Will Straw is Professor in the Department of Art History and Communications Studies and currently Chair of the Department. His interests include film history, urban culture and the popular press. Dr. Straw is on the editorial advisory board of the journal Screen and is the author of over 100 articles on culture and society.
Professor Alanna Thain: I teach film and cultural studies in the department of English. My work focuses on the philosophy of movement and bodies in cinema, as well as theories of affect and the image. My publications include work on David Lynch, South African animator and artist William Kentridge, Québecois filmmaker Denis Villeneuve, cinematic elevators, contemporary screendance and intermedial dance performance, post-cinematic practices and biotechnological bodies in science fiction TV.
My current book projects include “Suspended Reanimations”, a study of bodies, double and affect in cinema through the philosophy of Gilles Deleuze, and “An Experimental Night”, on dance and screen and media in live dance performance. I also work on questions of the creative intersections of art and philosophy, as an editor of Inflexions: A Journal for Research-Creation. At McGill, I am a member of the Project on European Cinemas and the Moving image Research Laboratory.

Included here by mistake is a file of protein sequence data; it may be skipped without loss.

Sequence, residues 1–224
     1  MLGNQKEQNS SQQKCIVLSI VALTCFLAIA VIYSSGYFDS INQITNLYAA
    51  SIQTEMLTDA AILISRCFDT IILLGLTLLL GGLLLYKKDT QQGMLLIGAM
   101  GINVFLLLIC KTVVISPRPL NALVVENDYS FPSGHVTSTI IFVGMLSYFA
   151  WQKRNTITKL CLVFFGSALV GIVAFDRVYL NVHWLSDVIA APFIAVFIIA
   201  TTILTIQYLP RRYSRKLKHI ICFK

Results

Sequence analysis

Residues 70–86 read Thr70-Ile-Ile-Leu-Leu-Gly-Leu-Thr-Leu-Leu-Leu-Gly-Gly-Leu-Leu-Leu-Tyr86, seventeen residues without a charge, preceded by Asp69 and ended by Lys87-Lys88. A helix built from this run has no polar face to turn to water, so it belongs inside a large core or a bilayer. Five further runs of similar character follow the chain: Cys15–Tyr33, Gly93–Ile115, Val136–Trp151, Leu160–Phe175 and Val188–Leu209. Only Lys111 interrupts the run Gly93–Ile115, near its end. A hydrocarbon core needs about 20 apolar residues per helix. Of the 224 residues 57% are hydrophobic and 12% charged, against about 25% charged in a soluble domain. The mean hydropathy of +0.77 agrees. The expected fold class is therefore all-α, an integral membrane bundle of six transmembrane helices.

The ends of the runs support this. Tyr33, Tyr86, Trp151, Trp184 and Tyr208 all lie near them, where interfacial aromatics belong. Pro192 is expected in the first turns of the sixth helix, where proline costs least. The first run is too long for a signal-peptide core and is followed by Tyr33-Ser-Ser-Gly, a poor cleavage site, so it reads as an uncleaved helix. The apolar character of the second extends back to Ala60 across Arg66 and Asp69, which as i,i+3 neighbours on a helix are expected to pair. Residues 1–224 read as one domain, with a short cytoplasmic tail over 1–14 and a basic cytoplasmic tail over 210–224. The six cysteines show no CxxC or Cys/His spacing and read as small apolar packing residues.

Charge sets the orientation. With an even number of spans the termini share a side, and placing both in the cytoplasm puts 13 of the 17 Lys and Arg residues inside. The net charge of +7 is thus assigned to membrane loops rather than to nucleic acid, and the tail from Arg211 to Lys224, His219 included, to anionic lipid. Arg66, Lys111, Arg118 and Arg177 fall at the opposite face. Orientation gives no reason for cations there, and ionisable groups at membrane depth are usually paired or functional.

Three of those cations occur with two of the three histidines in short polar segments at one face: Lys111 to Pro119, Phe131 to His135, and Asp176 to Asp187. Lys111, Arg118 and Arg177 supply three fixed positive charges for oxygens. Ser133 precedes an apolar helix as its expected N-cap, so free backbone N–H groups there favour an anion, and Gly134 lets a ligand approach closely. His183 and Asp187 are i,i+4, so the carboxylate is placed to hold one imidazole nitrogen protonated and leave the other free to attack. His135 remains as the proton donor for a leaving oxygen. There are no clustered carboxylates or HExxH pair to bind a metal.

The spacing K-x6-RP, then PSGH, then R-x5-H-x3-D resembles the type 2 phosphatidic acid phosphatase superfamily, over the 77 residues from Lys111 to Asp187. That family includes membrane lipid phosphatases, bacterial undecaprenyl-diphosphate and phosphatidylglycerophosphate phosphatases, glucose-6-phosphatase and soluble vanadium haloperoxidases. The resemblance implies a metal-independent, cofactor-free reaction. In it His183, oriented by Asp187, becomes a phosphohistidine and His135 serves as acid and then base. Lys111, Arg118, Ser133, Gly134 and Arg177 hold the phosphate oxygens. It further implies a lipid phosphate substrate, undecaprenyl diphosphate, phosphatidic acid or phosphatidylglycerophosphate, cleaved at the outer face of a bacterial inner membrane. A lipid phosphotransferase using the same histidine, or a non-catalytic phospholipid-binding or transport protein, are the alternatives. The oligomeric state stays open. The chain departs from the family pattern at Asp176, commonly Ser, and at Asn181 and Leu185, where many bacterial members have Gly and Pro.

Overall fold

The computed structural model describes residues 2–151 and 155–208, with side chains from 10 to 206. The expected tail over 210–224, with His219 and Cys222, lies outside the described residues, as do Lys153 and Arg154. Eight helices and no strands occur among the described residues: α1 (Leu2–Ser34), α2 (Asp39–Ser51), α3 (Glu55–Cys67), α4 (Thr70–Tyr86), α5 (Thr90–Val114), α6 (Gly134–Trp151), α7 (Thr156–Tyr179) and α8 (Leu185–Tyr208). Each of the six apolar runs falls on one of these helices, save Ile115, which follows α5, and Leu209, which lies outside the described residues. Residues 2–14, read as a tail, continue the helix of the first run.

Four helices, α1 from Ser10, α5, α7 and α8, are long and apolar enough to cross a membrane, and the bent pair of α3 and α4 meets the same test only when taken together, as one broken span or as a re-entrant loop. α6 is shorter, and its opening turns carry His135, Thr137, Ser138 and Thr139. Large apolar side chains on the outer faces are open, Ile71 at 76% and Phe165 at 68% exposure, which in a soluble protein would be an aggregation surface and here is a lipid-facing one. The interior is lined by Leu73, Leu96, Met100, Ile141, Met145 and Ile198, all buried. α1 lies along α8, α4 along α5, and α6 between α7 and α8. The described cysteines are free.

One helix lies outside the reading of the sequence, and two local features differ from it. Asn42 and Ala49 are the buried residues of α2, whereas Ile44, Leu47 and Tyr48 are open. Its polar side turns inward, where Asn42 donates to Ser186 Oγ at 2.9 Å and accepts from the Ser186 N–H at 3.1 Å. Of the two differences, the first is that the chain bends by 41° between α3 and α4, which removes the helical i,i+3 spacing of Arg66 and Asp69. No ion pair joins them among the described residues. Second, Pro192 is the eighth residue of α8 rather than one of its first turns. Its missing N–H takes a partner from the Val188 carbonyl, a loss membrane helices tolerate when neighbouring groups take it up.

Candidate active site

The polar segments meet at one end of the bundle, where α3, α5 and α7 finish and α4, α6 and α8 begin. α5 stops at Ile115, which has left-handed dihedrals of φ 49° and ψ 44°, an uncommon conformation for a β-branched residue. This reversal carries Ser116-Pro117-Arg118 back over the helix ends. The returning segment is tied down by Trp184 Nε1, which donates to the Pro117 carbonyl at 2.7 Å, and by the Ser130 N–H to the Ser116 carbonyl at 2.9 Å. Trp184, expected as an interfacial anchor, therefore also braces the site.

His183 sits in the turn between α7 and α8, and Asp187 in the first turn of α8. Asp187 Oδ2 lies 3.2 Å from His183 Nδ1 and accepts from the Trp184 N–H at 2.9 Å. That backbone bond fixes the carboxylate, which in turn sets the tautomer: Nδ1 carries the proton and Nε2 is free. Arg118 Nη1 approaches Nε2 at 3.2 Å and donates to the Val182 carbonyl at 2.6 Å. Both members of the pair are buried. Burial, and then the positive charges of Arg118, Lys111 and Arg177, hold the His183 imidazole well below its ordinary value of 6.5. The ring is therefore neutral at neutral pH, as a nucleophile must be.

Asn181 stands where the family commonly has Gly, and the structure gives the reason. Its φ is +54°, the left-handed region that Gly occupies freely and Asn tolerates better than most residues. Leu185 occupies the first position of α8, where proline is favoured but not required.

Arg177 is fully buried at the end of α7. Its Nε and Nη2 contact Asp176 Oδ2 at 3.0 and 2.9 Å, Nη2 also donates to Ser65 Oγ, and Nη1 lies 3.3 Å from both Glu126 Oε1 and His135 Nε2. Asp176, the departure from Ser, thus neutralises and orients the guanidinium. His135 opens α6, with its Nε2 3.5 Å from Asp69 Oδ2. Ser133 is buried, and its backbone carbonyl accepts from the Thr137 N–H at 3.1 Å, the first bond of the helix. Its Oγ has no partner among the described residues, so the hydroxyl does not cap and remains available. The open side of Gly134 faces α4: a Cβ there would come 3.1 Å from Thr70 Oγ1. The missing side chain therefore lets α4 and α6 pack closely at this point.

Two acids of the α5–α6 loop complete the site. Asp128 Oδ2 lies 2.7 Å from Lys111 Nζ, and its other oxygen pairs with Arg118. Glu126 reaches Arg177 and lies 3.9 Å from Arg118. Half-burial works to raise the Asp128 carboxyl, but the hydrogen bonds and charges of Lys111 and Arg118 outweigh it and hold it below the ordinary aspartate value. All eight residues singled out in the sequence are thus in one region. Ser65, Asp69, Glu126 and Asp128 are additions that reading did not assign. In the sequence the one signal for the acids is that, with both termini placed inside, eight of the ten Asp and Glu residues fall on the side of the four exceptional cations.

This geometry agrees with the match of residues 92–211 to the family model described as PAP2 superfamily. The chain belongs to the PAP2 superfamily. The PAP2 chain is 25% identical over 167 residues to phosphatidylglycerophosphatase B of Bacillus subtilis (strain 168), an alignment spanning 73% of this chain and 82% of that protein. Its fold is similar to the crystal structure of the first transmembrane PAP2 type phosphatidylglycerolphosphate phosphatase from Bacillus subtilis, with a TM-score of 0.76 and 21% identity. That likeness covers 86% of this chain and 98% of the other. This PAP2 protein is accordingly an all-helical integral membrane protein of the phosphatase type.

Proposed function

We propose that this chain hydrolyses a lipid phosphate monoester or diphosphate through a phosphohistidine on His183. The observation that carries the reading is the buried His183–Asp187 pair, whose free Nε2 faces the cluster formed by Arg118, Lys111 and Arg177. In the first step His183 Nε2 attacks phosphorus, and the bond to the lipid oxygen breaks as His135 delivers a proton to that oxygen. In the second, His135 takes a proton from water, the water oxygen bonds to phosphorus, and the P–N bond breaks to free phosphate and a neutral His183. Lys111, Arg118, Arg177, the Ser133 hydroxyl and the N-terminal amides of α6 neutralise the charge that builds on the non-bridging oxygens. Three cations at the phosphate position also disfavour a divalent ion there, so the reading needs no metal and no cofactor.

My teaching interests include the encounter between theory and practice in small, experimental production classes, as well as courses on David Lynch, the French New Wave (then and now), Canadian Cinema, Affect and the Image, Cinematic Bodies, documentary film, Film Noir and Neo-Noir, animation, film and feminism and cinematic politics.
Ipek Türeli is Assistant Professor at the School of Architecture. Her work lies at the intersection of visual culture, comparative urbanism, and architectural history. She has published on visualizations of the city in mass media, in photography, cinema, architectural exhibitions, theme parks and museums. She uses cinema and documentary films as an integral part of teaching: Students engage cinema films as visual representations and cultural artifacts constitutive of the urban experience; they also get the opportunity to produce short digital films that use ethnographic methods and explore spatial stories from a user perspective—in Arch 684 Contemporary Theory I: “New Architectures of Spatial Justice” in the fall, and in Arch 566 Cultural Landscapes: “Miniature Worlds” in the winter semesters.